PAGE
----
There is a slight confusion sometimes between Sanity Testing and Regression Testing as both of them are used to basically verify the smooth running of the application. The difference could be explained as follows:-

Sanity Testing Regression Testing
  1. Sanity Testing is performed to get an overview of the application to ensure the basic functionalities are working as expected after the new build has been deployed.
  2. Sanity Testing is a component of the Regression Test Suite.
  3. Sanity Testing is also called Surface Level Testing as it involves functional testing only.
  4. Sanity Testing is not very time consuming.
  5. Sanity Testing does not need to have well defined test cases written.
  6. It involves validating just a part of an application.
  7. Sanity Testing is generally performed manually.
  1. Regression Testing is performed to get an inside out health check of an application to ensure the functional as well as non-functional aspects of application are working as expected after the new build has been deployed.
  2. Regression Testing is not a component, but rather a full-fledged test suite comprising several components.
  3. Regression Testing is not merely Surface Level Testing as it involves digging deep into the functional as well as non-functional areas of application.
  4. Regression Testing can be time-consuming.
  5. Regression Testing has a well-written and designated test suite including test cases and scripts ensuring maximum coverage.
  6. It involves validating the entire application, not merely a part of it.
  7. Regression Testing is generally automated, well most of it, if not entirely.

Automating Regression Testing

Regression Testing is one testing type which can very well be automated, as it is a recurring process and it only makes sense to automate it as we usually have a well-defined and established test suite which can be automated and the results are also known so they can be easily verified against the outcome when they are tested via automation.

Moreover, it saves a lot of time and effort on testers’ part as they can spend their time on other areas of application rather than executing the same test scripts again and again manually after each deployment which could hinder the learning and growth process for a tester as well.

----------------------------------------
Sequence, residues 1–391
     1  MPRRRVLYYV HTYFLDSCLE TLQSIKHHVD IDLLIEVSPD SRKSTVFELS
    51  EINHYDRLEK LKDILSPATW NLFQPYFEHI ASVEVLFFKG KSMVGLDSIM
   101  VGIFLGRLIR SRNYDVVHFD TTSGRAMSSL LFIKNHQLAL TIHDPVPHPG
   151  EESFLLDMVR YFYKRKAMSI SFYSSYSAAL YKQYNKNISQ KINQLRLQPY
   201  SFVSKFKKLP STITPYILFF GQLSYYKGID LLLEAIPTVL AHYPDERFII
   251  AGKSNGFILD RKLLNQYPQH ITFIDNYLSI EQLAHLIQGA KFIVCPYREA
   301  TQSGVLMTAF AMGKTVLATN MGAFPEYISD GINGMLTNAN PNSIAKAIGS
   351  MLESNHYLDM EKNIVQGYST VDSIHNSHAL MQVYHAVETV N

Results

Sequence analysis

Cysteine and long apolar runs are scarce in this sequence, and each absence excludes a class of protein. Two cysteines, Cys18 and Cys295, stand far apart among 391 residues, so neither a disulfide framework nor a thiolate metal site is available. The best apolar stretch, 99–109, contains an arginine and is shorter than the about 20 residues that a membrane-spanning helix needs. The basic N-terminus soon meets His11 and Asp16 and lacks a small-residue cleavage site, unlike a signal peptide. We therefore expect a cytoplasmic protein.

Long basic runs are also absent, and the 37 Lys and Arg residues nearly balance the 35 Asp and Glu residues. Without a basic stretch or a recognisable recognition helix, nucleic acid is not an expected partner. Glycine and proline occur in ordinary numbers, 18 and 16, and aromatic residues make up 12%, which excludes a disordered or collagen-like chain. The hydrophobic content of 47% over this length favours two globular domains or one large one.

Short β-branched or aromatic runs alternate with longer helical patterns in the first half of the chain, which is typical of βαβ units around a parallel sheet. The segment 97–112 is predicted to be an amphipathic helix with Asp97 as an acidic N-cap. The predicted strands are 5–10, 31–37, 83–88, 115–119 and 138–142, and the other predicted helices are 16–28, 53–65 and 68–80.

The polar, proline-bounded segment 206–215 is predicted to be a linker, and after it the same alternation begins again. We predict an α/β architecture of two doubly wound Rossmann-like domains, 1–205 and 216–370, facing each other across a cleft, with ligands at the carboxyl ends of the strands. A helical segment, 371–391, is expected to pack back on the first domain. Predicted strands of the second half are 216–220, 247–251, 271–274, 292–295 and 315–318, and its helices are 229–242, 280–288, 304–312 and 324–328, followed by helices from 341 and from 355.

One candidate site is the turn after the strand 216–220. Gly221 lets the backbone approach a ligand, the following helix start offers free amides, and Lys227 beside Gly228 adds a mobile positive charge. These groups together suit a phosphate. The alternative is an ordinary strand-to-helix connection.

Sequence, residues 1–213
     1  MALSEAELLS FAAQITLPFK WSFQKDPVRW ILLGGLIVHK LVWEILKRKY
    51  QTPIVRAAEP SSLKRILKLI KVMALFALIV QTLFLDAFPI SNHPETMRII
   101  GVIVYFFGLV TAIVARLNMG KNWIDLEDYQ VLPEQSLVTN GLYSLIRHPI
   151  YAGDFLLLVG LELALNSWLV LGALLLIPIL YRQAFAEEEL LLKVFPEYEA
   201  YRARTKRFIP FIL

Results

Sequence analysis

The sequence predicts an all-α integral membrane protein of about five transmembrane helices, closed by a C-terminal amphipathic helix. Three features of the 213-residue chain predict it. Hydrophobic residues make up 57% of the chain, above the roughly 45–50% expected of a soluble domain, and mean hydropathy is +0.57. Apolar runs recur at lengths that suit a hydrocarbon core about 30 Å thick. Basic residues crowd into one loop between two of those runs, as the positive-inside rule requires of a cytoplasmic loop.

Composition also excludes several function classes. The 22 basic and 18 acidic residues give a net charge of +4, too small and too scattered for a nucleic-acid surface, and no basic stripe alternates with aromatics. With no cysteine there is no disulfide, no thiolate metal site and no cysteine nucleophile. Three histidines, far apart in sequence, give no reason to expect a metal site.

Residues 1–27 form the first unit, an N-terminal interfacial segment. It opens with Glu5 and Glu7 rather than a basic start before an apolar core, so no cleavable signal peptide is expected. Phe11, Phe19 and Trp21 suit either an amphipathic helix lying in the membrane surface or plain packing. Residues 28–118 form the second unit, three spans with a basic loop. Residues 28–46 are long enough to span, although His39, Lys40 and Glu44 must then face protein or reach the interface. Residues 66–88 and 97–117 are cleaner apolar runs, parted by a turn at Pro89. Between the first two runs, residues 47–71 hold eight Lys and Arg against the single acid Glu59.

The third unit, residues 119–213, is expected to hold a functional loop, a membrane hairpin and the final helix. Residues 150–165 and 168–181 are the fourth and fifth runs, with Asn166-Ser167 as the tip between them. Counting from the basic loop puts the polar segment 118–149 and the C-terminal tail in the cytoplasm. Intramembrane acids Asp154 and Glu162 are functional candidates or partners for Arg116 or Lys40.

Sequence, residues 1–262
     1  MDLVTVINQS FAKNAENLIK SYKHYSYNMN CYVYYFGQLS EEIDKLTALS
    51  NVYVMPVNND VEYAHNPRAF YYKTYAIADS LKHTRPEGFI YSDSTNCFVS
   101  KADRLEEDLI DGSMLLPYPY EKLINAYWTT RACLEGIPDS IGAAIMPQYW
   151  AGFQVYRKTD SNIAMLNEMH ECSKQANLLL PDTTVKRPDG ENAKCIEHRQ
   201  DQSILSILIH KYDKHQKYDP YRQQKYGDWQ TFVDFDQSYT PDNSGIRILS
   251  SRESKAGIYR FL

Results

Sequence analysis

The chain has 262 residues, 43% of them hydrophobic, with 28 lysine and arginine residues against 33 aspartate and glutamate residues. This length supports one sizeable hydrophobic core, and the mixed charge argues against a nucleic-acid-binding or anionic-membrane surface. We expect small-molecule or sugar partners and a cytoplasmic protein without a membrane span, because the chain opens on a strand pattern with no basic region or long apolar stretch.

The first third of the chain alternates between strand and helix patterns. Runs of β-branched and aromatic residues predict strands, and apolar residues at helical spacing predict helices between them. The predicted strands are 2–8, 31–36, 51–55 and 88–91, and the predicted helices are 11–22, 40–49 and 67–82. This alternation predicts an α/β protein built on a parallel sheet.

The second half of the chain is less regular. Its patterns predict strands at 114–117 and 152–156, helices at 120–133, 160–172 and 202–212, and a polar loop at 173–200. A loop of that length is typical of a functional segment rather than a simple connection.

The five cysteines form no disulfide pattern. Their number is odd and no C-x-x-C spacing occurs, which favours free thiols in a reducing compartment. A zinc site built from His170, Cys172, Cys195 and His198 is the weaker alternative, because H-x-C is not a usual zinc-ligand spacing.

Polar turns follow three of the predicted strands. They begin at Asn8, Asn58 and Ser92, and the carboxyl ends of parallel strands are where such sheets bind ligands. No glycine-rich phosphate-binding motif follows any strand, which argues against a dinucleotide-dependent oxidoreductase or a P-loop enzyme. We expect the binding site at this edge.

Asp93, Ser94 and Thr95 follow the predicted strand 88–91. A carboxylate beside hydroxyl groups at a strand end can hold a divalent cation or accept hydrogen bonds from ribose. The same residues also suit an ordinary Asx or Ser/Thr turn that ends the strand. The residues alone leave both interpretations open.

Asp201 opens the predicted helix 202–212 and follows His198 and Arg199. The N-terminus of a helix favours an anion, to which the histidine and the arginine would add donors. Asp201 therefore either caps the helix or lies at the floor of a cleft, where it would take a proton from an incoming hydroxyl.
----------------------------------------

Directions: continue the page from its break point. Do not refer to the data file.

Now that we have established that Automation plays a huge role in Regression Testing type, let’s see the tools that we can use to automate the process:-

  • Selenium – One of the most popular and well-known tool used for automating testing. It is one of the most fiercely used tools in the Quality assurance market today. The best part of it is – it is an open source tool, hence free.
  • IBM Rational Functional Tester – A popular but commercial tool. Has the ability to support a number of applications as well as features thus justifying its cost. 
  • Micro Focused Unified Functional Testing (UFT) – Previously known as Quick Test Professional and Quality Center. It involves a recording feature. The selling feature is that it runs on the majority of browsers and environments.
  • SAHI PRO – Majorly used for large scale web applications. It is flexible, integrates well with other interfaces thus making it a dream to work on when there are tight budgets and timelines.
  • WATIR – This again is an open-source tool primarily used for web applications regression testing. It is easy to use and offers cross-browser support. Used by tech giants like – Oracle, Facebook and more.
  • TESTCOMPLETE – Majorly used for cross platform testing to run parallel tests and automate regression for mobile, web as well as desktop applications.
  • SILKTEST – Used for creating test cases, supports a variety of applications.
  • TIMESHIFTX – Customizable testing tool which can be used for a variety of applications catering to different platforms, databases and operating systems.
  • TESTDRIVE Can be used to test GUIgoogadocsadocs. Not a very popular choice though.
  • RANOREX STUDIO – A popular Regression Testing tool which integrates very well with other tools and is majorly used for mobile testing as it can create video reporting of test execution as well.

When to do Regression Testing?

As we have already established that Regression testing is a recurring process which is time as well as effort consuming and a tester can get so caught up in it so as to not be able to determine when and where to stop. To fix this, we have a few measures that can be taken to understand the metrics of it better, to prioritize the test cases and to ensure that there is enough test coverage. This could be done by implementing and updating the Requirements Traceability Matrix (RTM). It helps to keep an updated regression test coverage at all times which is also visible to all the stakeholders.

In addition to this, a Code Coverage report can also be generated by the automation tools that are used to perform Regression Testing.

Other than this, a tester’s instinct and experience also comes in handy while deciding prioritization of functionalities and test cases.


Regression Testing if not the most important, can be considered as a very crucial branch of testing. It not only keeps the stakeholders on top of things, but also ensures the smooth working of application. It acts as a preventive measure for risk mitigation and ensures there is no breakage of the system after any changes have been made or any enhancements have been introduced. It ensures a superior quality product and a perfectly unified software.